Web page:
A woman holds a young child. Both are wearing purple shirts.

Farrah of Georgia, whose young daughter lives with two types of epilepsy, shares what epilepsy means for her family.

The other day I was asked, “So what is epilepsy exactly? Is it just seizures?” I mumbled something about it being more than that. The truth is epilepsy is different for each person, so I can’t tell you a good definition that fits everyone.

But I can tell you what epilepsy is for us.

It’s asking her 20,000 times a day if she’s ok.
  • It’s speech therapy, feeding therapy, and physical therapy.
  • It’s a care team that averages 10 doctors.
  • It’s watching every time she eats or drinks so she doesn’t choke. It’s feeding tubes.
  • It’s a medical notebook that’s bigger than any I had in college.
  • It’s only having three people who can watch her, because they all need to be trained.
  • It’s co-sleeping. It’s checking on her all night.
  • It’s falling constantly or not being able to talk. It’s paralysis that can last for hours.

But it’s also unconditional love.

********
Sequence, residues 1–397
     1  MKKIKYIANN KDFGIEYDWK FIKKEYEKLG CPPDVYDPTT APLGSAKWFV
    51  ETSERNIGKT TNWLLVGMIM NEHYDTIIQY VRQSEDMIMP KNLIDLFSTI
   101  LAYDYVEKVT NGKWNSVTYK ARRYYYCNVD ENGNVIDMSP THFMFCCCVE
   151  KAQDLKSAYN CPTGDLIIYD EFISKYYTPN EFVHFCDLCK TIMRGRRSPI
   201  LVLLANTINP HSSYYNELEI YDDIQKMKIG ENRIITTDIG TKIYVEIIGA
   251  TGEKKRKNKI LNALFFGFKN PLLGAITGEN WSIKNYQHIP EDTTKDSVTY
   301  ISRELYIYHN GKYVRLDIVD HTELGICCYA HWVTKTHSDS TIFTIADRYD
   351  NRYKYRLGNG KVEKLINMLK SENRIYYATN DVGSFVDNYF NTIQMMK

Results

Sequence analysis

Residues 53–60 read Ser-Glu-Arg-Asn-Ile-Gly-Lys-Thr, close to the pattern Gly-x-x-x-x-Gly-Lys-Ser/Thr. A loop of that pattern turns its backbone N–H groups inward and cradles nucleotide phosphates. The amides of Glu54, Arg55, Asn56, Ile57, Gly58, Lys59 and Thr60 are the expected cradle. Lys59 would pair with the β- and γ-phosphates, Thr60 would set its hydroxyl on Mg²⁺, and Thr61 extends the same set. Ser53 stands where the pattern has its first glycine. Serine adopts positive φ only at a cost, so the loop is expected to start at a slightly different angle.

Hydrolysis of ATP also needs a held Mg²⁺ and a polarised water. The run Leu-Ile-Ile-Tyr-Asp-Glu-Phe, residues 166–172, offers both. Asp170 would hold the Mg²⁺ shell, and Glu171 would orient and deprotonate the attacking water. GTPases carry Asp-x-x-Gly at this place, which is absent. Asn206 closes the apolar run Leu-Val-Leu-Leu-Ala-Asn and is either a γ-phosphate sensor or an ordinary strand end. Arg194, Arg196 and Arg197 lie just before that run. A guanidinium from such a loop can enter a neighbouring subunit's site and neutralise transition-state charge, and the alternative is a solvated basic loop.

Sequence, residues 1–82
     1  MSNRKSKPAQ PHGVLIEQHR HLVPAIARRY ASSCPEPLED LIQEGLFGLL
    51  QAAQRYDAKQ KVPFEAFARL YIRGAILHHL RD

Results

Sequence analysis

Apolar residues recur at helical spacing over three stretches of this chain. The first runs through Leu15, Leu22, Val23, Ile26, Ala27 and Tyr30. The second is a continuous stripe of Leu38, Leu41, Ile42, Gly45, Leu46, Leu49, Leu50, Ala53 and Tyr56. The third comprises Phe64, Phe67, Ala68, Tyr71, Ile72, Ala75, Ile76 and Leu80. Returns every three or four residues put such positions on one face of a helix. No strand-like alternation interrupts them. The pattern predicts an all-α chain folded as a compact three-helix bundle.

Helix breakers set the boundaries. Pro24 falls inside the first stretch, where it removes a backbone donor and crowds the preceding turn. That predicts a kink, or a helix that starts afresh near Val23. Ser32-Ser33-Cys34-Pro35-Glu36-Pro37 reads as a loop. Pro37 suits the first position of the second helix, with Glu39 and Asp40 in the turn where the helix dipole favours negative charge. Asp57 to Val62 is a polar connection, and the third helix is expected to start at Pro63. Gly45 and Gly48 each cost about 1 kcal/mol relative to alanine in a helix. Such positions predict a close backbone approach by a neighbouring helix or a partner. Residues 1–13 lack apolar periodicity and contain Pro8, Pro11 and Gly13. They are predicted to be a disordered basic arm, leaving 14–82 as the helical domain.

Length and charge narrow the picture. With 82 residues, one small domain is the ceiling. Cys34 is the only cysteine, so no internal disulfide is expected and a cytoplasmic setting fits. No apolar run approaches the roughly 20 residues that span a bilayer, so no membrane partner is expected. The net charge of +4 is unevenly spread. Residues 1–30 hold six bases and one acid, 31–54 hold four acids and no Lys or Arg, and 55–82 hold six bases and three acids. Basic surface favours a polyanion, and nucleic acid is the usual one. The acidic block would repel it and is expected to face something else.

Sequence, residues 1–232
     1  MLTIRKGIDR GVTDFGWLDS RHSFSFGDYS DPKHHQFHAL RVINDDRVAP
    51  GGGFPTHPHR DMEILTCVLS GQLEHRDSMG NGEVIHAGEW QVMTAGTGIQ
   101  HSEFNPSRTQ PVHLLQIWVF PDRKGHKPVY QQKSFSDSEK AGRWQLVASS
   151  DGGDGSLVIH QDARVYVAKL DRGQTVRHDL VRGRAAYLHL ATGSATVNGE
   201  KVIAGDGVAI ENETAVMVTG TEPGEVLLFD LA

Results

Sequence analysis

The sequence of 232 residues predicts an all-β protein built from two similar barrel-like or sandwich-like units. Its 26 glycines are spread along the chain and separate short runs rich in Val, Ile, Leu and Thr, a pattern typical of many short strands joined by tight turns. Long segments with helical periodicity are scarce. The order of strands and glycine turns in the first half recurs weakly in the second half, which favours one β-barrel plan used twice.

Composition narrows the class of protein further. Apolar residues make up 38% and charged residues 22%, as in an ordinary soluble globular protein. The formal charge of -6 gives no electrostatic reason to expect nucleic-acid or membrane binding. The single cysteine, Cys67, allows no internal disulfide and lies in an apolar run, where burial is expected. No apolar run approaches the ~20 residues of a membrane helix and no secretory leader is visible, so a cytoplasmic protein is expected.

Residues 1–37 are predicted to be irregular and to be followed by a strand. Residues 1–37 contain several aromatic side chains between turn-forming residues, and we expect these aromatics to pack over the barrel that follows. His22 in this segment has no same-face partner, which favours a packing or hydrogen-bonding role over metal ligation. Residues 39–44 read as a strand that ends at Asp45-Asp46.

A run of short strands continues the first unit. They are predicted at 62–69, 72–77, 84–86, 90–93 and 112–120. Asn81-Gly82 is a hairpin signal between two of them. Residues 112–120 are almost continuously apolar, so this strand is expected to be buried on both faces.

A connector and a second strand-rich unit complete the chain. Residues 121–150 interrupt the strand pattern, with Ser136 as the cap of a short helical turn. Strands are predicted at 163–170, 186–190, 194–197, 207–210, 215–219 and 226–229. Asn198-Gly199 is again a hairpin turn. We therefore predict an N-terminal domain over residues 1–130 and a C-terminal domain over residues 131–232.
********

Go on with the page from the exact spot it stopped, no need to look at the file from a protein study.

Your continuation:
• It’s having a great team of doctors who truly care for her.
It’s a thousand kisses a day. It’s dance parties. It’s big hugs.
  • It’s when she asks you if you are ok when you cough because she gets asked.
  • It’s celebrations when she hits milestones. It’s being her safe place. It’s a strong support system.
  • It’s letting her know she’s different and that’s ok.
  • It’s watching her approach life with 100% joy.
  • It’s being asked every day how she is doing, sometimes by complete strangers.
  • It’s a testimony.

It’s special. And it’s a whole lot of purple.

Child has her hands held above her head by mother.
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